150 miles S of Washington, D.C.; 50 miles E of Richmond
"I know of no way of judging the future," said Patrick Henry, "but by the past." That particular quotation couldn't be more fitting as an introduction to Williamsburg, since Henry played an important role here when, as a 29-year-old backcountry lawyer, he spoke out against the Stamp Act in the House of Burgesses in 1765. Many considered him an upstart and called the speech traitorous; others were inspired to revolution.
If he was right, you'll never have a better opportunity to examine the past than in Colonial Williamsburg, as the town's restored Historic Area is known. Unlike most other historic attractions in Virginia, Williamsburg has not just been meticulously re-created to look exactly as it did in the 1770s, when the town served as Virginia's capital. Today, Williamsburg's central Historic Area is, for all practical purposes, one of the world's largest and best living-history museums.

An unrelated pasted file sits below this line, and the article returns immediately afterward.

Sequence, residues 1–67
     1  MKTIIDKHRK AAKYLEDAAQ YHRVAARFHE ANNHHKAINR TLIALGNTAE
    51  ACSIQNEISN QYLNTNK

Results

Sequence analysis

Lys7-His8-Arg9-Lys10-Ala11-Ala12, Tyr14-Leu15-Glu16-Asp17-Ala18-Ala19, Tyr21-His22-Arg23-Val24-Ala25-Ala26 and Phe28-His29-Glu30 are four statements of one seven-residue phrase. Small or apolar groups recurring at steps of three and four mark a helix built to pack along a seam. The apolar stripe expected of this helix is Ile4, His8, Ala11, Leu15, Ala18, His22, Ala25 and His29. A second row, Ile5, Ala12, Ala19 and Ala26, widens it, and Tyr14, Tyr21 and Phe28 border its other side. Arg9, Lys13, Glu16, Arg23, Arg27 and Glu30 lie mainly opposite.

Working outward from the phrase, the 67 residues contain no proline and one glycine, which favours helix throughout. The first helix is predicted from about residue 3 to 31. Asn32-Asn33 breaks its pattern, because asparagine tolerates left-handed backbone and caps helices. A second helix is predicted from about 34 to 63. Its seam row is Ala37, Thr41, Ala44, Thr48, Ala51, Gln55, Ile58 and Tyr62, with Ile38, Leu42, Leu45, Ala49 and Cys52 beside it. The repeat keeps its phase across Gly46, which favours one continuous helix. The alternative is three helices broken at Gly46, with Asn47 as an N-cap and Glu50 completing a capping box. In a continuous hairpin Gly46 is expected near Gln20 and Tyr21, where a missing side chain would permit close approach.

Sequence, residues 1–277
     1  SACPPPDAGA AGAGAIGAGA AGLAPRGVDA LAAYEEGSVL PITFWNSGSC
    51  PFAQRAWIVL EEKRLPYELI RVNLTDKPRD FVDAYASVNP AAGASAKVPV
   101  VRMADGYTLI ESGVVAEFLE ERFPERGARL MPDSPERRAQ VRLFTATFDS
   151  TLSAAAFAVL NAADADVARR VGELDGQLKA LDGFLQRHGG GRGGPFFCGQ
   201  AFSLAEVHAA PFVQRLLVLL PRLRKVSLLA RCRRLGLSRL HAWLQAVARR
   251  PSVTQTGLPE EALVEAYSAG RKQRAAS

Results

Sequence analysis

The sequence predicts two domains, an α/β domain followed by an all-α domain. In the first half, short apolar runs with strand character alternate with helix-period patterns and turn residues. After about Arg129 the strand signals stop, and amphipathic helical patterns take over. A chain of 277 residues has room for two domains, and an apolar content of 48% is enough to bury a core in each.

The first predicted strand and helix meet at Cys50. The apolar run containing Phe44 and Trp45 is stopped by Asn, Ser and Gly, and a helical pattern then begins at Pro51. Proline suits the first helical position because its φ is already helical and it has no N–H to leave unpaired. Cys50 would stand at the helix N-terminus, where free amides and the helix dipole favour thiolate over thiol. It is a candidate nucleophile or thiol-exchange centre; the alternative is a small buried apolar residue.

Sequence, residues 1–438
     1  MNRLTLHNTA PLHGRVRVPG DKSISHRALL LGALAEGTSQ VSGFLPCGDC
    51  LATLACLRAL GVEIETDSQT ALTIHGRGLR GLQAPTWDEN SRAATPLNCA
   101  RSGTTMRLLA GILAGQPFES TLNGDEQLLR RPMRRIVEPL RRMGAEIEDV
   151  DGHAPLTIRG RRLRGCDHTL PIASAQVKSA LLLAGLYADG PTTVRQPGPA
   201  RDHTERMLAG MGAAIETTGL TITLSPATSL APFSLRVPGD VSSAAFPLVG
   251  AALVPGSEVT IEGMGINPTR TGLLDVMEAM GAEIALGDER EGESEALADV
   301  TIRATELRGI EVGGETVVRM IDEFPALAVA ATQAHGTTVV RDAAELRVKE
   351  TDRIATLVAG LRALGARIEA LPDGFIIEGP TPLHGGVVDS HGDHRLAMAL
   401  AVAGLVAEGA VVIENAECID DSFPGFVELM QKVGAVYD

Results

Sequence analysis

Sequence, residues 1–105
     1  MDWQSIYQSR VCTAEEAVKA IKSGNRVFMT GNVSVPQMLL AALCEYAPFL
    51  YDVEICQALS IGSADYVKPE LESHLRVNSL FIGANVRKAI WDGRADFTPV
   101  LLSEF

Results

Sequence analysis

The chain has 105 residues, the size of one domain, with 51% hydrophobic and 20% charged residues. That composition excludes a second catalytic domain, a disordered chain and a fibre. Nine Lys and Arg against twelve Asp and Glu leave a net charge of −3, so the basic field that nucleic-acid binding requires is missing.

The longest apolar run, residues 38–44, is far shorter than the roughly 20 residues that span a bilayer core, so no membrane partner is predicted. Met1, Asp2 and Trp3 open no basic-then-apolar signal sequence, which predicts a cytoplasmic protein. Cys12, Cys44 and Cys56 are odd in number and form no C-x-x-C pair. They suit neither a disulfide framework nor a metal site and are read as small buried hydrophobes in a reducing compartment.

Here the British flag flies most of the year over the Capitol building. Women wear long dresses and ruffled caps, and men don powdered wigs. Taverns serve colonial fare, blacksmiths and harness-makers use 18th-century methods, and the local militia drills on Market Square. Clip-clopping horses draw carriages just as their ancestors did when George Washington rode these streets. Your impromptu banter with "Thomas Jefferson" in the Kings Arms Tavern will seem so authentic you won't even notice it's Bill Barter, an actor who has been bringing Jefferson to life since 1976.
With the exception of watching a musket being fired and themselves being locked up in the town's stocks, your youngsters could become a bit bored with all the talk about history and start badgering you to get on to Busch Gardens. But it's worth the effort, for both you and they will come away with an understanding and appreciation of life in 18th-century Virginia, before there were running water and video games.
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